Jurors at Parkland school shooter Nikolas Cruz’s sentencing trial will be allowed to see swastikas he drew on assignments, a Florida judge ruled Thursday — over objections from defense attorneys who argued their client was an equal opportunity killer.

Lawyers, in a failed attempt to bar the repugnant drawings from being entered into evidence, noted that Cruz murdered without regard for race or religion.

Presenting the Nazi symbols would be excessively prejudicial, they argued — adding that Cruz’s 2018 rampage at Marjory Stoneman Douglas High School was not suggestive of racial hate.

The 17 students and staffers Cruz slaughtered, and the more than a dozen he injured at the Parkland, Florida school on Feb. 14, 2018, included black, white, Asian, Jewish and Hispanic people.

But Circuit Judge Elizabeth Scherer overruled the bid and allowed the images into evidence. 

She also brushed aside an ensuing call for a mistrial prompted by her ruling, calling the request “disingenuous.”

The judge at Parkland school shooter Nikolas Cruz's sentencing trial ruled that jurors will be allowed to see swastika drawings Cruz made in class.
The judge at Parkland school shooter Nikolas Cruz’s sentencing trial ruled that jurors will be allowed to see swastika drawings Cruz made in class.
Amy Beth Bennett/Pool via REUTERS
Judge Elizabeth Scherer holding up pages of drawings from Cruz including swastikas.
Judge Elizabeth Scherer holding up pages of drawings from Cruz, including swastikas.
Amy Beth Bennett/South Florida Sun-Sentinel via AP, Pool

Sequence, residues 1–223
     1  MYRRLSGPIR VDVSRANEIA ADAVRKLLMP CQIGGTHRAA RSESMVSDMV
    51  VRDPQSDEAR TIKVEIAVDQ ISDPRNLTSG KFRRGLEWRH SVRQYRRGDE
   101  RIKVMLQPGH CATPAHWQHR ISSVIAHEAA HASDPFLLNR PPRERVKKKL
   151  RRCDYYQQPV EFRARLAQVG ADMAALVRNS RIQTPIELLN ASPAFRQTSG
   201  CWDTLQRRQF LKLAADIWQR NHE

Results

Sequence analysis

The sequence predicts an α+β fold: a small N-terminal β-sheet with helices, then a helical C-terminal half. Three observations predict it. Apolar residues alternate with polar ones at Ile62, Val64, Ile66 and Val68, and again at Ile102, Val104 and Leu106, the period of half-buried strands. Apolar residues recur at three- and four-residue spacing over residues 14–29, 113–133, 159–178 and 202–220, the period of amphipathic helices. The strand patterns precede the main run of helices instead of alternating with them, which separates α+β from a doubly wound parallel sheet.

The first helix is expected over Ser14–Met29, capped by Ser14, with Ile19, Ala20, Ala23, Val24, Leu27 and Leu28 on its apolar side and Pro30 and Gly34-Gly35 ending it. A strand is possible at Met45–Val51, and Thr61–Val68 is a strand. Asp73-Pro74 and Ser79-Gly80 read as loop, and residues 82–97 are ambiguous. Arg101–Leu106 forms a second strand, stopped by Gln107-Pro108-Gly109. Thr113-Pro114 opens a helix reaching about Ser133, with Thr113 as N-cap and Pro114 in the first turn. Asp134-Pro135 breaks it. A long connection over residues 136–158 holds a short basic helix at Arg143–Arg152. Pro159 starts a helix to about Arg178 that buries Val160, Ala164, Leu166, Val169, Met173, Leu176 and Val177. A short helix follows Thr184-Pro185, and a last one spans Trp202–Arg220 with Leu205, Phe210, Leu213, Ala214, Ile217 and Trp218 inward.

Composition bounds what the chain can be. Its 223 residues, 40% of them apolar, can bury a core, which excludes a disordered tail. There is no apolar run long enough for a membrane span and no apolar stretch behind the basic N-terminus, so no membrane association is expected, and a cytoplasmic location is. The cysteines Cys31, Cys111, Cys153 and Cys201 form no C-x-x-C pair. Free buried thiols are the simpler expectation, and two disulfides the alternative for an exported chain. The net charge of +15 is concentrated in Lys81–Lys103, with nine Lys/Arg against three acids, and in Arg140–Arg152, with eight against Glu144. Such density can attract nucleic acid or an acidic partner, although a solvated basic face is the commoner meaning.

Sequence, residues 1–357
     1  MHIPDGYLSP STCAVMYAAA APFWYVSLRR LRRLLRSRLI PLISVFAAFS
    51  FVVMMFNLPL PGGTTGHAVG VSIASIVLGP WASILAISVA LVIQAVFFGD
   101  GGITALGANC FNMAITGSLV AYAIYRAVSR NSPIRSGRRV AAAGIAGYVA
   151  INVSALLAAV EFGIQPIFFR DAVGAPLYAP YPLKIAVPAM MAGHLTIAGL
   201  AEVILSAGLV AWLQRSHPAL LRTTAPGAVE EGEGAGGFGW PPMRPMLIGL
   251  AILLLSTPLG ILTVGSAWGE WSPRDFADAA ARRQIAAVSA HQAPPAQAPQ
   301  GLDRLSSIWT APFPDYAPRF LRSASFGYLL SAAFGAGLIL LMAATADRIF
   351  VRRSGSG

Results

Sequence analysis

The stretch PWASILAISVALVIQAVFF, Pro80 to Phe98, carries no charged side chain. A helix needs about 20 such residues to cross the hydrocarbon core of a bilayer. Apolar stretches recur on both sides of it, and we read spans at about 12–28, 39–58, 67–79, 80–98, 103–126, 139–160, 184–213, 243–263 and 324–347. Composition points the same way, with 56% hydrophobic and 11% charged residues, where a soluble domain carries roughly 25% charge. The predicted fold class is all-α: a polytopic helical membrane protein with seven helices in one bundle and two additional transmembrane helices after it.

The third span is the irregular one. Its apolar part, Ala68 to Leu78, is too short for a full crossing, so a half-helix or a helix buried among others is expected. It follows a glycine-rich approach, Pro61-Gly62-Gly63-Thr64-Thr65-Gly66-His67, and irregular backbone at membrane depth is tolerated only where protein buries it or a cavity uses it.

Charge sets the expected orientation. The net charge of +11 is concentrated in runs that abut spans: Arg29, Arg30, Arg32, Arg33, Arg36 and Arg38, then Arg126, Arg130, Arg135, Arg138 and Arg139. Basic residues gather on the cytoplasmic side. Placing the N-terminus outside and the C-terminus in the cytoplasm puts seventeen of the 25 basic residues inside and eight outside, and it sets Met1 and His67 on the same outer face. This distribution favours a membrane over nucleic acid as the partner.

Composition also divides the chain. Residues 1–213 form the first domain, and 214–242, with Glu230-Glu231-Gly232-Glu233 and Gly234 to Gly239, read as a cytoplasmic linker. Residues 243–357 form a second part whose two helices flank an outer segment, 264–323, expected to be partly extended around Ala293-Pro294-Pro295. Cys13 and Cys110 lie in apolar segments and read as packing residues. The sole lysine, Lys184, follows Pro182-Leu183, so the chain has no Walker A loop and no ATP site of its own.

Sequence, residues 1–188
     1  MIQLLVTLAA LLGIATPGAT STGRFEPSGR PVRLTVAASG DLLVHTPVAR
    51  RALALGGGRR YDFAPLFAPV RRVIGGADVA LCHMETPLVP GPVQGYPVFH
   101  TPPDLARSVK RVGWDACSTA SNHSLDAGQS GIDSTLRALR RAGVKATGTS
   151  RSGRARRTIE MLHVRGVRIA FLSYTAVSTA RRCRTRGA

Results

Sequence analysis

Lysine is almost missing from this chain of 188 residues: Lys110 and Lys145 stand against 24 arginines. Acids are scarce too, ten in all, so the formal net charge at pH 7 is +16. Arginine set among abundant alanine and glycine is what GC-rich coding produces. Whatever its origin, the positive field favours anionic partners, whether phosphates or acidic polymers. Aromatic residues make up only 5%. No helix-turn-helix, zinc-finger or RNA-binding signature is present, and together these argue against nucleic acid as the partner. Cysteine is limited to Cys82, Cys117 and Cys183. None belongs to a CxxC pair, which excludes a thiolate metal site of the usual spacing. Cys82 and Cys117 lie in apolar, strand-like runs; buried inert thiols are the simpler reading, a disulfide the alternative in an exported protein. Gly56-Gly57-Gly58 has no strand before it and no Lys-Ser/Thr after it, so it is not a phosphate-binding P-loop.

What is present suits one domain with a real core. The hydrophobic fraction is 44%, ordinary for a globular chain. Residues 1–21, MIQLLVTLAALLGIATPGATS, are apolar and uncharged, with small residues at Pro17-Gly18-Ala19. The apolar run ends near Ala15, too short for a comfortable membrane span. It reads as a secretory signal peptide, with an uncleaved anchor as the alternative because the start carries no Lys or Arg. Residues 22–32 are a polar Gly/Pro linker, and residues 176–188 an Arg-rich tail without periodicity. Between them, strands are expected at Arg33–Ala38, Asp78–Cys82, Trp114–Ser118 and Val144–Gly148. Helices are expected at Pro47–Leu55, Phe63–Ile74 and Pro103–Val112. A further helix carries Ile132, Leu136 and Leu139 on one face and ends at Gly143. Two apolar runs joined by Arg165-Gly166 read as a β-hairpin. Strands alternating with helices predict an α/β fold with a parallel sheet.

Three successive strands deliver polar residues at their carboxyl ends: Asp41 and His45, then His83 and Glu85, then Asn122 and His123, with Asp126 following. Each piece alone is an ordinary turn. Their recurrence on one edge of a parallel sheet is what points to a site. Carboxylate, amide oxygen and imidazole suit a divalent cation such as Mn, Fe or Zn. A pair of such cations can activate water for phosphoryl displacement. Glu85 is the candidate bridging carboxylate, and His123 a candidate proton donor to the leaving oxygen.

Jurors will decide if Cruz, 23, will get life in prison or the death sentence for one of the worst mass shootings in the nation’s history.

Cruz’s attorneys have argued that his troubled upbringing warrants the lesser term, while prosecutors counter that the mass killing deserves the harshest penalty available.

Then 19, Cruz sprayed defenseless students and staffers with an AR-15 rifle on three separate floors on Valentine’s Day.

Cruz's attorneys argued presenting the drawings would have been excessively prejudicial.
Cruz’s attorneys argued presenting the drawings would have been excessively prejudicial.
Amy Beth Bennett/South Florida Sun-Sentinel via AP, Pool

Prosecutors have stressed the indiscriminate brutality of the rampage — noting that Cruz circled back to some wounded students and finished them off.

The defense has highlighted Cruz’s troubled beginnings, including being put up for adoption by his crack-addicted prostitute mom as an infant.



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